Games 1 and 2 were ALL New York. The Yankees won 4-1 in the first game despite a solo home run from Chipper Jones in the 4th inning. Atlanta had two errors in that game which could have been key outs to secure a victory. Game 2 was much worse. The Yankees won 7-2 with 14 hits. Atlanta had 5 hits in that game and did not score a run until the 9th inning. Behind David Cone’s stellar performance the Yankees had defeated the Braves in a place where no one was thought to have beaten them. Turner Field was reduced to rubble after the Braves, down 2-0 in the series had to play up north in the cold Bronx air. Atlanta played its best game in Game 3 with 14 hits and 1 error. However, getting the most hits does not mean you win the game. The Braves left a lot of souls on base during that game and the Yankees capitalized on that slowly churning away the lead. The Braves scored in the 4th inning and that was it. It seemed that they were out of steam. Mariano Rivera closed them out and the Yankees won 6-5. Now down 3-0, the Braves were desperate. Arguably, their best pitcher was up and the Yankees threw a massive curve towards them by playing their best pitcher that year, Roger Clemens. It was not even a pitching dual. The Braves gave up 3 runs in the 3rd and the Braves did not score until the 8th. The Yankees had secured their place in baseball history as one of the few teams to repeat as champions. They would go on to win in 2000 as well, three-peating. Atlanta would never play in another one again.

How close they came recently: 2018-2020

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The Atlanta Braves currently have one of the best rosters in baseball. Behind the hitting power of Freddie Freeman, Ronald Acuna Jr. and Marcel Ozuna, they have a roster that is arguably better than most of the teams that they have lost too in the playoffs. They however, had to play against the 2018 Dodgers. A loss that has taken its toll on them. Then in 2019, the St. Louis Cardinals, who looked poised to take the crown, defeated them pretty handily in the NLDS. It seemed that the Braves could not finish the job. They won the regular season but the playoffs seemed to be the kryptonite for them. That year the Washington Nationals (my team) won the World Series to make matters worse they defeated the Cardinals in a sweep in the NLCS and beat the Dodgers. The 2020 Braves had a little bit more to play for as they could not escape the first round. The playoffs expanded however and this left the Braves in a bit of a spot as it would be more challenging to reach the World Series.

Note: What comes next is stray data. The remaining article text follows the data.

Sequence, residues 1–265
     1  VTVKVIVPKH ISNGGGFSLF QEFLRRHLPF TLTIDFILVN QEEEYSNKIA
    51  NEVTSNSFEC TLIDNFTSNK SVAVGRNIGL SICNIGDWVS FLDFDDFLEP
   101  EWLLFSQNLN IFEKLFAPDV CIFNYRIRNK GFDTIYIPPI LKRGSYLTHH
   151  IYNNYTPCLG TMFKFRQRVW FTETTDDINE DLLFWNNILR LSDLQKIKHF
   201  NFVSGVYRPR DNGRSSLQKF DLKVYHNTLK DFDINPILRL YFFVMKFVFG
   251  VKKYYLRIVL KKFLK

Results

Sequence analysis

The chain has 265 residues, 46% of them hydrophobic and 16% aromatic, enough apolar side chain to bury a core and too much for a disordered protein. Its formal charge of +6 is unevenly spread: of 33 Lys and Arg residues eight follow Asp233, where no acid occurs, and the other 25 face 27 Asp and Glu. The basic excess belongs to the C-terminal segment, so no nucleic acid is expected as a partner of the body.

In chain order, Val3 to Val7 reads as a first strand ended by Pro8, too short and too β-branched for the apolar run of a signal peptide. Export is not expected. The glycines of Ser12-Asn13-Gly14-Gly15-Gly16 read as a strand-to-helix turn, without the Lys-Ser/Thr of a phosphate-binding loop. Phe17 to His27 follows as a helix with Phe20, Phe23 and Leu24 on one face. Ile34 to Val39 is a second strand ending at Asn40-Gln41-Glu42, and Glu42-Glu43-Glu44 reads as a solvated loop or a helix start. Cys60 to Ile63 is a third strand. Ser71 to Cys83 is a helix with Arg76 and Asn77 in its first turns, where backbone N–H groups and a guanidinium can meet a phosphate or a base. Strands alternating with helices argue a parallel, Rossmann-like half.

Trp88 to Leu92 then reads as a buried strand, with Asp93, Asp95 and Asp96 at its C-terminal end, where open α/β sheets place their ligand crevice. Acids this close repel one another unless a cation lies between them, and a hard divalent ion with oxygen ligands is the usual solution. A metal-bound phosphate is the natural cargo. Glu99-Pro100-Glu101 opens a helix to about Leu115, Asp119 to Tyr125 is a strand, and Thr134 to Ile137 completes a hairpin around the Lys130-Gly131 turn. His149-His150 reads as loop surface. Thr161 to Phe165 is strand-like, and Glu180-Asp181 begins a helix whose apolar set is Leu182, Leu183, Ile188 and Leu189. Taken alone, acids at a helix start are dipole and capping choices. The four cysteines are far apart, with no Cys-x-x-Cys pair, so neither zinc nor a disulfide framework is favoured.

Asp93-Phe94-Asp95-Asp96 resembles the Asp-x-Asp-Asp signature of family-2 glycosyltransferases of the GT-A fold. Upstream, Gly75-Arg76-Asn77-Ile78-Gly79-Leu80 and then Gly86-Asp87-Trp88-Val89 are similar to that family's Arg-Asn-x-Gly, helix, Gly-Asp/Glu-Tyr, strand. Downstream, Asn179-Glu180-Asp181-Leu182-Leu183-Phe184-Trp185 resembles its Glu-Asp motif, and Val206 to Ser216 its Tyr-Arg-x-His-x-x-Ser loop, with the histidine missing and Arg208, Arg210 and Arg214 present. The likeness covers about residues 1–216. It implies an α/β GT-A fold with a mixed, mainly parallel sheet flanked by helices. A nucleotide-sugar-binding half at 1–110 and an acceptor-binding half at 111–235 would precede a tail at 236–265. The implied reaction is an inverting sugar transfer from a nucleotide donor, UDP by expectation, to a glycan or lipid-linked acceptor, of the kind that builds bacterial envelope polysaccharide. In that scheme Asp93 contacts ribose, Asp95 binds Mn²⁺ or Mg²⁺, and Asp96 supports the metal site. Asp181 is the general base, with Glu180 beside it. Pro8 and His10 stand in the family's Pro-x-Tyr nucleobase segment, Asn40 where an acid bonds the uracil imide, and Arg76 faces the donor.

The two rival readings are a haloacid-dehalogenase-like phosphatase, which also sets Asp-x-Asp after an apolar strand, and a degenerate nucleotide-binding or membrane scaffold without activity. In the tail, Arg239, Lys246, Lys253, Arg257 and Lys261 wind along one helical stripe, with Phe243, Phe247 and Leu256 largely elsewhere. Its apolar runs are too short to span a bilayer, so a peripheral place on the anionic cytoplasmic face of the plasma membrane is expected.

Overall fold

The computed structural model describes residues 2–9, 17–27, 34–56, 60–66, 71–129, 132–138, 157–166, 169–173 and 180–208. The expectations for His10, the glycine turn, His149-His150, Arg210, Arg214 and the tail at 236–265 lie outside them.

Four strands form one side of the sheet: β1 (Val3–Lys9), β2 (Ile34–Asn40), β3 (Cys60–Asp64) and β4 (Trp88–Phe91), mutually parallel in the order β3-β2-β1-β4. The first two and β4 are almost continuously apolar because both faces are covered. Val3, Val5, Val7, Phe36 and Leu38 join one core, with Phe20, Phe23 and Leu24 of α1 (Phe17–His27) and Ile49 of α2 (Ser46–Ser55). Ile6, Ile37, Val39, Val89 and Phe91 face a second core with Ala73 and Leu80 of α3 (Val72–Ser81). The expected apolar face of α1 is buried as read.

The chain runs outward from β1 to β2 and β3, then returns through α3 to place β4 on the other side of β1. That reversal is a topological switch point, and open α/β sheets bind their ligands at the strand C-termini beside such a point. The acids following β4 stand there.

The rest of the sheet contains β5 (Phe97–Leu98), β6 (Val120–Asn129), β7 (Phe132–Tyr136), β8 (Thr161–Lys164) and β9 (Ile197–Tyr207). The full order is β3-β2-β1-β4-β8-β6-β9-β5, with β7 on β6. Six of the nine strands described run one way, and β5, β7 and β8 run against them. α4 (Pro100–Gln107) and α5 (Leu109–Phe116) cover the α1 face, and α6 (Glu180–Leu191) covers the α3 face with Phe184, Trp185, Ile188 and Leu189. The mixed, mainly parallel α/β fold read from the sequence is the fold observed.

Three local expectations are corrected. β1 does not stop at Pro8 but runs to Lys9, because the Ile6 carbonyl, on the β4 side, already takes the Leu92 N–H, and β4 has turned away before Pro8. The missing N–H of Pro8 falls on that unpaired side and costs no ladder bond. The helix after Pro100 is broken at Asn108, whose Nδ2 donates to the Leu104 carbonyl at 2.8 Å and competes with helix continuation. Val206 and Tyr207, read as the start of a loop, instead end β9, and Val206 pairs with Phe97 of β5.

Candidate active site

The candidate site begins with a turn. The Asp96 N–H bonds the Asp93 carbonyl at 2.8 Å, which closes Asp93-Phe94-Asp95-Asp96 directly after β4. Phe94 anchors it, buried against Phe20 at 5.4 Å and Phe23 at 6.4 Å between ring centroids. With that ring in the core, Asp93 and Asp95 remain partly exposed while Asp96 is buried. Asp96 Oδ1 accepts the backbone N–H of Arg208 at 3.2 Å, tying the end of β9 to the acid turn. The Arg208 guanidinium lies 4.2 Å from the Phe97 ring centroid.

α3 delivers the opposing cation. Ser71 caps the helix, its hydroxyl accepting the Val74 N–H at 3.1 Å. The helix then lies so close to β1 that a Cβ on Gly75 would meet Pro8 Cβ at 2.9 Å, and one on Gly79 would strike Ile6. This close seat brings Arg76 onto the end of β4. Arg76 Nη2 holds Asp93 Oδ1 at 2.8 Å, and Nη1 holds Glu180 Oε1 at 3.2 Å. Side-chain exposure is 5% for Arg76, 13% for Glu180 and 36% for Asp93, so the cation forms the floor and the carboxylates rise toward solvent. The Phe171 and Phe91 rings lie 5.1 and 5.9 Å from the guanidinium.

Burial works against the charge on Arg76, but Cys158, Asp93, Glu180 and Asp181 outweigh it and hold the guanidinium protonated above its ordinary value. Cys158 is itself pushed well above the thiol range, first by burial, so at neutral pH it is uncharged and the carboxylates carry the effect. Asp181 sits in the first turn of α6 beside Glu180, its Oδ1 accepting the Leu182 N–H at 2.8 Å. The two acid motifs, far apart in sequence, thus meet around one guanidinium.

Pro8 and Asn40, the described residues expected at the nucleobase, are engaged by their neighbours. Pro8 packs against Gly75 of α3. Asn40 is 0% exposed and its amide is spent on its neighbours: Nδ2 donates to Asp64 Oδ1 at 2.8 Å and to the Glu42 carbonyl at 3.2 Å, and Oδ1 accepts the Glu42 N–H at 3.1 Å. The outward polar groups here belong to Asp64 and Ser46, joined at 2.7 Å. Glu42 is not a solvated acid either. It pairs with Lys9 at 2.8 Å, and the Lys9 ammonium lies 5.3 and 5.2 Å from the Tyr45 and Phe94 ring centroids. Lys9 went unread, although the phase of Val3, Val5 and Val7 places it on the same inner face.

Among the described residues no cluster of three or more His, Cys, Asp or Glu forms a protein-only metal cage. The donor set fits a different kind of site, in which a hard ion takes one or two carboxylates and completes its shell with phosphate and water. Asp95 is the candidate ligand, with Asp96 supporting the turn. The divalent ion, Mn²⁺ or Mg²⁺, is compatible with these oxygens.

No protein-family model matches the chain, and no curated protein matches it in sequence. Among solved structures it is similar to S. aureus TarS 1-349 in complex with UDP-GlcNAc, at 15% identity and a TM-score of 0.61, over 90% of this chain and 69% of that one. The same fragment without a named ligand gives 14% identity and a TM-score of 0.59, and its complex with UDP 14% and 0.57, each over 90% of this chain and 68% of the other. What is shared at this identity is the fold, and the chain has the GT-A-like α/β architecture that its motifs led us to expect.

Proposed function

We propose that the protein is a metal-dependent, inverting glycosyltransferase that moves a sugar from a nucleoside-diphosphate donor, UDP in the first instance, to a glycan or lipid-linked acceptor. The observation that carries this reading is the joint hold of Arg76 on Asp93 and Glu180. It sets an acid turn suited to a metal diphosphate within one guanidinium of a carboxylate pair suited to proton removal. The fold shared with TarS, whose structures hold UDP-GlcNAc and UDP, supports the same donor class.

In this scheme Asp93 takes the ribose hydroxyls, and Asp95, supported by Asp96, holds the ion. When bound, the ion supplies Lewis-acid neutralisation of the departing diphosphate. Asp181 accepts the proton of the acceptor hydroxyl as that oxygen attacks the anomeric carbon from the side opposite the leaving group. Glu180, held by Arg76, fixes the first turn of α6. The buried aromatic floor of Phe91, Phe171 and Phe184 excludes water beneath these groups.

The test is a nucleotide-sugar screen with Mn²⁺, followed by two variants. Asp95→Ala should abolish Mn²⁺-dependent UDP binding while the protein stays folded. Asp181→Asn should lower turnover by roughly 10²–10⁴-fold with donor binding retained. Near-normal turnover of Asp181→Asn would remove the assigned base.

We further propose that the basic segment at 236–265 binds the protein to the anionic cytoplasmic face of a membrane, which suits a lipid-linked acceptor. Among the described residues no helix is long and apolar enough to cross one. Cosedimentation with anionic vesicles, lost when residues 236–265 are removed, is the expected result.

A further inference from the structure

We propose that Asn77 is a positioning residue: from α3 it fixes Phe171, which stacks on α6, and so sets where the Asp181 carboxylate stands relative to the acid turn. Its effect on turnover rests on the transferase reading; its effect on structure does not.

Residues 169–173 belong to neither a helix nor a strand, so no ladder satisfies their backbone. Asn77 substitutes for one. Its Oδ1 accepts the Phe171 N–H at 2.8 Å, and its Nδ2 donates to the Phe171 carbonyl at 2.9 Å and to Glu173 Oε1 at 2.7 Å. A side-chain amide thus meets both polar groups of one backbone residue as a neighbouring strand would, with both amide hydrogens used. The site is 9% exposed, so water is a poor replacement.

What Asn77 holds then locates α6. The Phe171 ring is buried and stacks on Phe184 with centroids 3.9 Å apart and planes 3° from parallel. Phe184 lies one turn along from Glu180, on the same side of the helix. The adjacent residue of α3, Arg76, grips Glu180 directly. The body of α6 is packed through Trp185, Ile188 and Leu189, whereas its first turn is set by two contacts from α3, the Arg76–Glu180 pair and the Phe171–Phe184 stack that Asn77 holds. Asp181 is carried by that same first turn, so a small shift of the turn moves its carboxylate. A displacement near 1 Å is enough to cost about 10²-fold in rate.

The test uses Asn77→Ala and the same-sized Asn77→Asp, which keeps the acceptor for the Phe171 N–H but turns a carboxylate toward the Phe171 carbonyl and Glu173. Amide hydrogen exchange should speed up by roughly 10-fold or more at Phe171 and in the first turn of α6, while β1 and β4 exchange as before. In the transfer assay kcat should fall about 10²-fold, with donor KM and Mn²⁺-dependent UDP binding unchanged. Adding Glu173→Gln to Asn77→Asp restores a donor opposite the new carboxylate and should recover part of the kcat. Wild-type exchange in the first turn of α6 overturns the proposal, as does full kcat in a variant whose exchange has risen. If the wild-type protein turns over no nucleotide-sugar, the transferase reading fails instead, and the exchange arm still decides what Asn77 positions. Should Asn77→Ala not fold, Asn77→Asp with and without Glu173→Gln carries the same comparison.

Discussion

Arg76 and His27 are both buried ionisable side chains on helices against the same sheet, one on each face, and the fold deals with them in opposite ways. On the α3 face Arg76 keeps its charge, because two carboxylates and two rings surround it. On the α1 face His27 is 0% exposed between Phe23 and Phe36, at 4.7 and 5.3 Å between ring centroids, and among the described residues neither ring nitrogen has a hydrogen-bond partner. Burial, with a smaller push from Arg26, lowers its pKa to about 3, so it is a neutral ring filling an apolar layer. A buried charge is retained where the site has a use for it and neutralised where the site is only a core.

They swept the Reds in the opening round and then swept the Marlins in the NLDS. Very similar to how they had done in the years that they had gone to the World Series. However, the team that stood in their way was once again the Los Angeles Dodgers. The Dodgers were lights out in 2020 as they had a 43-17 record. Add the fact that Clayton Kershaw had playoff demons of his own and you have a roster that is very similar to the Braves. The Dodgers went to back-to-back World Series, got cheated in 2017 and lost to the Red Sox in 2018. They were just as anxious as the Braves if not, more so. Atlanta struck early giving itself a cushion with a 2-1 lead through 3 games. Game 4, they won again, now 3-1. Atlanta was literally 9 innings away from playing for a World Championship for the first time in 20 years. Then, the baseball Gods struck and decided that it was Los Angeles’s time to ride the wagon. Atlanta lost, not 1, not 2, but 3 games in a row to lose the series. A collapse of epic proportions that seems to be happening a lot in recent sports history. Atlanta watched as the Dodgers cruised to an easy World Series as they sat at home in agony.

2021: Possibly It

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The Atlanta Braves are primed for the World Series. They have fixed their key issues with their batting and most importantly they have a better supporting pitching staff than in recent years. 2020 was a huge letdown because of the effective play of the Braves towards September into October. At the moment, the Braves are 21-24 in a division that is “tighter than a blood oath” according to Chinese author Sherry Thomas. 2021 may be the last year that we see Freddie Freeman in a Braves uniform as well though.

The Braves have the tools to utilize but getting past the playoff hump is something that some of the game’s greats never did. The Pittsburgh Pirates of the early 1990s could never get past the Atlanta Braves. The Red Sox could never get past the New York Yankees and many more. The Atlanta Braves need to ensure that they can keep everything together in the long season that is unfolding. How they do that is up to them though. Their biggest opponent right now would be the New York Mets who have a squad of their own to contend with. Atlanta needs to get past themselves in the playoffs and get over whatever drought they are encountering cause its not helping their case into the future.

Comments

Ellis Distefano (author) on May 22, 2021:

I think that may be one reason. However, I think it also is because All-star teams don't seem to make it in Major League Baseball. The Braves had way too many Hall of Fame talented players. Not only that, they kept the band together for a very long time.

Kathleen Cochran from Atlanta, Georgia on May 22, 2021:

Well we beat a AL team last night 20 - 1 so maybe this is the year! (If none of our other starters get mad and break a hand! About as smart as getting hurt riding an off-road bike. Who was that? Gant? I know it wasn't a pitcher.) Go BRAVES!

(I know this is heresy, but I think we didn't win more World Series games because Bobby Cox was a great regular season coach, but didn't seem to know how to coach post-season games. He had so much talent in his dugout. It's hard to see another reason we didn't win more beyond our division.)